Isidro Rodríguez
Director General
Entimem
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View from the Top

Cutting Through Paperwork to Reach the Market

Wed, 09/07/2016 - 15:21

Q: In recent years the role of authorized third parties has been growing strongly in the Mexican healthcare sector. What specific needs do authorized third parties address?

A: In 2010, COFEPRIS announced the creation of third party authorized units for the pre-approval of medicines and medical devices. COFEPRIS decided to create these units taking into account the large backlog of registries they had at the time alongside new registrations. By law, COFEPRIS has to answer every submission. In some cases the products are easily authorized, but much more information is required. As COFEPRIS previously had to closely follow the entire approval process and thoroughly review all the information, granting approvals or rejections was a highly time-consuming process. COFEPRIS gave third party authorized units the responsibility to ensure all information submitted is accurate and correct, saving COFEPRIS´ time. COFEPRIS always has the final decision on every registration, since it has a large responsibility in regulating medical devices and medicines and we are held accountable if a product validated by us has negative health consequences.

Q: What strategies have you used to position the company in the Mexican market?

A: We began by searching for companies needing to submit registrations in Mexico. The first step was to gain their trust, convince them that we have all the expertise they require and that we will not waste their time with unnecessary paperwork. As a third party, the most important thing we handle is our clients’ trust.

Third party authorized units seem like a strange concept to foreign and local companies because they are usually not aware that these are fully authorized by COFEPRIS. We often have to explain to our clients that we are authorized by the council and the concept of third party authorized units is not new since it has already been utilized for other industries. The council applied this concept to medicines and medical devices, which was perceived as risky as it involved large responsibilities on public health. However the system has worked correctly and we are able to provide the necessary drugs and medical devices much faster to the Mexican population.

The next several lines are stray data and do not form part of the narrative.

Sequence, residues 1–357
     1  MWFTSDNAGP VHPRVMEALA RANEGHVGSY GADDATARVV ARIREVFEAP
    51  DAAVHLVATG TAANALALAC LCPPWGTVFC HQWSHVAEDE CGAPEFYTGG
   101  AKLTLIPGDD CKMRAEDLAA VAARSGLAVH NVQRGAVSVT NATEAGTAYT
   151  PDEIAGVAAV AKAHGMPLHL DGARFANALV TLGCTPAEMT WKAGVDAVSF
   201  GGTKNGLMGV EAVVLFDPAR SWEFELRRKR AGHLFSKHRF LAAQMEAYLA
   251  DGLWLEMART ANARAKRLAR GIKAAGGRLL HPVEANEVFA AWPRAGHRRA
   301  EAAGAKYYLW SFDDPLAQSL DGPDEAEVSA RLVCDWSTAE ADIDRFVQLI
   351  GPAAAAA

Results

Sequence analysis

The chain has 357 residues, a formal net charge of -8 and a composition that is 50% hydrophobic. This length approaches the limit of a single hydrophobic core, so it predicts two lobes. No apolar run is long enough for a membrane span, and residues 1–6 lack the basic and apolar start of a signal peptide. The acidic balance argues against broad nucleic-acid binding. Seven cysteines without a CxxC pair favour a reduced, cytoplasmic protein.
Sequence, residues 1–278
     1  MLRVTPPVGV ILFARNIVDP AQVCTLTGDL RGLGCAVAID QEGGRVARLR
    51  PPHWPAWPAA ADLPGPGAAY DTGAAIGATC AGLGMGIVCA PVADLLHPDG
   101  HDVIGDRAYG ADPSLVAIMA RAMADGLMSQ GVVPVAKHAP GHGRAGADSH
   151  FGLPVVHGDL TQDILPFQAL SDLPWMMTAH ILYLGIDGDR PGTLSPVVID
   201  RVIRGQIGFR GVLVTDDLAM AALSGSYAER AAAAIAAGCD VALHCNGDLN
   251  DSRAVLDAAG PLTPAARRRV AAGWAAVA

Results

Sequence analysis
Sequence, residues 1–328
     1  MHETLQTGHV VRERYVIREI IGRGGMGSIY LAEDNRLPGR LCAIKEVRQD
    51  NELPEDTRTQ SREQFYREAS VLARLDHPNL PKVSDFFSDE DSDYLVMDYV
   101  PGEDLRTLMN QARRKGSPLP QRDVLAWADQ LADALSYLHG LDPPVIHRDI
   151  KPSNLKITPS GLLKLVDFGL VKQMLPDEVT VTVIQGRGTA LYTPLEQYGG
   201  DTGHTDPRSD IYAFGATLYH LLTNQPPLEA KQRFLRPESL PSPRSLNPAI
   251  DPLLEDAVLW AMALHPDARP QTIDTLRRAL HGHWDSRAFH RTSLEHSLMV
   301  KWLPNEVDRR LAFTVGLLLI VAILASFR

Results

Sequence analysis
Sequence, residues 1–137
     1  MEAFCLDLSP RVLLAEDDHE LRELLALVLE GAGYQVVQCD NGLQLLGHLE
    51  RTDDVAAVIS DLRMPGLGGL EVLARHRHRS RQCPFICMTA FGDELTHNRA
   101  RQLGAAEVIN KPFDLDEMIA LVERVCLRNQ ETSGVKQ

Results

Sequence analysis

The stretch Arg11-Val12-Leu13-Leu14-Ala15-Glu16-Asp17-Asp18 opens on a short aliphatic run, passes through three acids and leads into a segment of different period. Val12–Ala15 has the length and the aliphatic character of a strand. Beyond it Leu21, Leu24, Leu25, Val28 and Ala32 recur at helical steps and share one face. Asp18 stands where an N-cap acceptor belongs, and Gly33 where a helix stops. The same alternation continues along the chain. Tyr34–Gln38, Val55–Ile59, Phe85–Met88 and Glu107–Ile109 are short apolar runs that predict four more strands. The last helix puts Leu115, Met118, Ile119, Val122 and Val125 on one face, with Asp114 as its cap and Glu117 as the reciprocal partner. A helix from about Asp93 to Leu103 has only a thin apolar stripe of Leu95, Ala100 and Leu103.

Q: What are the main services you provide and what is the added value of the services provided by Entimem?

A: We started working exclusively with medical devices. Afterward, we expanded to incorporate drugs, both in registration and modification of registries. At this point, there are 20 third party authorized units and all of them are able to do the same activities. To differentiate ourselves we offer value-added services including our Solution Ecosystem which encompasses all services we provide to help companies to register their products in Mexico with a network of companies that provide complementary services in the health industry such as translations, legal consulting, imports and distribution.

Q: What new services are you planning in the near future?

A: We plan to expand our services to other areas of the economy, for example to provide certification for drivers, electric devices, biotechnology drugs, pesticides food manufacturers and restaurants. COFEPRIS is also planning to allow third party authorized units to regulate vaccines, which is a very interesting and challenging area as it requires working with the WHO.

Q: What strategies is Entimem implementing to attract foreign and local clients?

A: At this point several companies around the world are under the impression that regulations in Mexico are overly complicated, so our goal is to bring more foreign companies. Next week, for example, we will go to Colombia to promote our services, as many companies in that country want to import to Mexico but they are unaware of the proper procedures. More companies, both from Mexico and the rest of the world, are seeing Mexico as a strategic country to enter the rest of Latin America, and for that reason there are increasingly more registries for medical devices and medicines.